No matter the age, we often hear about the importance of eating right, exercising and getting enough vitamins and minerals to be healthy. However, the vast amount of information on what types of exercises we should do, food we should eat or supplements our bodies need can be confusing.

Is there a correct path we should follow for a long and healthy life? An Italian longevity expert believes he has the answer, according to The New York Times.

What is longevity?

According to the Healthy Longevity Clinic, longevity means a long duration of a healthy life. This includes:

  • Extension of life.
  • Improvement of health during life.
  • Controlling and reversing the biological and chemical changes of aging.

Valter Longo, an Italian professor of gerontology and director of the U.S.C. Longeviy Institute in California and past rock guitarist, obsesses over longevity, per The New York Times.

Longo told The New York Times, “I want to live to 120, 130. It really makes you paranoid now because everybody’s like, ‘Yeah, of course you got at least to get to 100.’ You don’t realize how hard it is to get to 100.”

How hard is it to live to 100?

Researchers specializing in human longevity assert that the foundation for living past 100 years lies within an individual’s DNA, which encompasses the genetic inheritance passed down from their parents, per The Washington Post.

S. Jay Olshansky, a professor of public health at the University of Illinois at Chicago told The Washington Post, “You can’t make it out that far without having already won the genetic lottery at birth.”

Besides genetics, The Washington Post says environment, lifestyle and location matter too. Ask yourself these questions:

  • What do you eat?
  • How often do you exercise?
  • Do you have a support system from other individuals?
  • Do you have access to quality health care?
  • Is there a lot of pollution near you?
  • Do you live in a war zone?

Longo, who is also currently working on identifying genes that regulate aging, advocates for a diet he terms “The Longevity Diet” in his new book. He believes that this diet, characterized by the Lite Italian diet and faux fasting, is the way to reach 100 years, per The New York Times.

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What is a Lite Italian diet?

Lite Italian is similar to the Mediterranean diet. However, Longo notes the diet should be pescatarian, or fish heavy, with legumes.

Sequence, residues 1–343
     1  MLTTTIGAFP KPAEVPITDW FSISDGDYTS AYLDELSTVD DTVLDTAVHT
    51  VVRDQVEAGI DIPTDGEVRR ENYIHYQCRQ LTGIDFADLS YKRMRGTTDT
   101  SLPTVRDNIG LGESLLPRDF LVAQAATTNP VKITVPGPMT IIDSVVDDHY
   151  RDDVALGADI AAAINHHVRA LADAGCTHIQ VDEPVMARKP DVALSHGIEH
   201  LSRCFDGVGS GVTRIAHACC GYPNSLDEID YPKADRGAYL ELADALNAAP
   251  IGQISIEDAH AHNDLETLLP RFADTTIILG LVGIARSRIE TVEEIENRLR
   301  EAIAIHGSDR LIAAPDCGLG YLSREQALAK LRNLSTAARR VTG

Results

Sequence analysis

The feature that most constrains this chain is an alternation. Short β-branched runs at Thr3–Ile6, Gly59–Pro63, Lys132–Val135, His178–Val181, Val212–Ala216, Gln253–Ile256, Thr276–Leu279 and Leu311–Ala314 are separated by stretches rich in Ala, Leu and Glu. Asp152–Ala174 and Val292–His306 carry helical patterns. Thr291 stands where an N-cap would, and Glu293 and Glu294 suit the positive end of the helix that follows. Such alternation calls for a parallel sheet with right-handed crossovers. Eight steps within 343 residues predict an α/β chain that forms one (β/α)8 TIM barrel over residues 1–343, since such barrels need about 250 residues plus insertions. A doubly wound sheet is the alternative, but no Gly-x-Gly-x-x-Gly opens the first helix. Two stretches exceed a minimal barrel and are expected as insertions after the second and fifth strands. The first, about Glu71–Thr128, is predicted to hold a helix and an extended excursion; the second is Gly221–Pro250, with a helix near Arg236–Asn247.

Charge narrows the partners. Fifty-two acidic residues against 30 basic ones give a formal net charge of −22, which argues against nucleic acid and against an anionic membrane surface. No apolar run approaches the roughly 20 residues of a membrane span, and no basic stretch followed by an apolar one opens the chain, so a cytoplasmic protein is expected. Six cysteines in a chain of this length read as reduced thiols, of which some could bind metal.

Per Cleveland Clinic, a traditional Mediterranean diet includes:

  • Eating fruits, vegetables, whole grains or extra virgin olive oil at every meal.
  • Eating three servings a week of fish, seafood, nuts and legumes.
  • Having one serving a day of poultry, low-fat dairy or eggs.
  • Limiting red meat and sweets to one serving a week.
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What is faux fasting?

According to The Celiac MD, faux fasting effectively fools the body into believing it is undergoing a fast while still permitting some food consumption. A fasting-mimicking diet seeks to harness the advantages of fasting while mitigating the associated difficulties, including hunger, fatigue and headaches.

What food should you eat while faux fasting? Longo developed a plant and nut-based diet supplemented with kale crackers and other supplements.

According to Longo, this dietary approach enables cells to rid themselves of harmful components and rejuvenate, all without the adverse effects of fasting and starvation, per The New York Times.

His recent study, published in Nature Communications, found that individuals who did periodic cycles of faux fasting reduced insulin resistance, pre-diabetes markers and immune system age — all indicating reduced biological age.

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Before trying a new diet, consult with your doctor about how it might affect you.